The U.S. economy may be slowly pulling itself out of the doldrums inflicted by social distancing and government lockdown orders promoted as efforts to stem the spread of COVID-19, but many Americans continue to suffer.
Half of Americans who lost their job because of the pandemic are still out of work, and the resulting damage to finances falls hardest—as you might expect—on lower-income people who have little cushion against hard times. That’s something to keep in mind as politicians contemplate renewed restrictions, especially given the potential for economic pain to worsen already-simmering social tensions.
“Overall, 25 percent of U.S. adults say they or someone in their household was laid off or lost their job because of the coronavirus outbreak, with 15 percent saying this happened to them personally,” Pew Research reported last week. “Of those who say they personally lost a job, half say they are still unemployed, a third have returned to their old job and 15 percent are in a different job than before.”
What makes the situation even worse is that the burden falls hardest on those who can least afford it. “Lower-income adults who were laid off due to the coronavirus are less likely to be working now than middle- and upper-income adults who lost their jobs (43 percent vs. 58 percent),” Pew adds.
Among those who have continued working or are back to work, many are making do with reduced hours and pay cuts. About a third of adults report they or their households have suffered such trimmed income opportunities. That means less money in-hand and greater difficulty in making ends meet.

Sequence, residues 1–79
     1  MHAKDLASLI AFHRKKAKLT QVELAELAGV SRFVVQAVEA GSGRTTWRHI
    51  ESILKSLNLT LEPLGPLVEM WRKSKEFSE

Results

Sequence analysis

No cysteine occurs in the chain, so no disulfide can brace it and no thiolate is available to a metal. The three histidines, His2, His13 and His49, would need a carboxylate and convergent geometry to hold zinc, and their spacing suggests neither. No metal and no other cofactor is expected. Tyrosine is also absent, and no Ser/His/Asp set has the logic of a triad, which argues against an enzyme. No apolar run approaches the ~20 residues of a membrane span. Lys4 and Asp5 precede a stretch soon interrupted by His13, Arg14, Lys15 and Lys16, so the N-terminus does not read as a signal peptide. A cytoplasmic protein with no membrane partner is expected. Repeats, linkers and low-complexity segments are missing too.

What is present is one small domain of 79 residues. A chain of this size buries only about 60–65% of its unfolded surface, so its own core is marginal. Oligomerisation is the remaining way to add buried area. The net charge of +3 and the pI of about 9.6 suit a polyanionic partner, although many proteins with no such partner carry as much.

“A quarter of U.S. adults say they have had trouble paying their bills since the coronavirus outbreak began,” the Pew report notes. “Among adults with lower incomes, 46 percent say they have had trouble paying their bills, and about a third (32 percent) have had problems paying their rent or mortgage since February—significantly higher than the share of middle- and upper-income adults who have faced these struggles.”
Fortunately, the economy shows signs of recovery, though not full health by any means. An economic index created by Moody’s Analytics and CNN shows unemployment declining from its pandemic peak and both hiring and hours worked at small business on the rise. But overall economic activity is only at 81 percent of where it was when lockdowns began back in early March. While not everybody is affected to the same extent, we’re living in a poorer country than we did just months ago.
And the effects are expected to linger.
“The ongoing public health crisis will continue to weigh on economic activity, employment, and inflation in the near term, and poses considerable risks to the economic outlook over the medium term,” the Federal Reserve cautioned on September 16.
Likewise, the Congressional Budget Office expects the vast sums of money spent by the federal government in an attempt to keep people fed and housed while the economy was in a holding pattern “to raise borrowing costs, lower economic output, and reduce national income in the longer term.”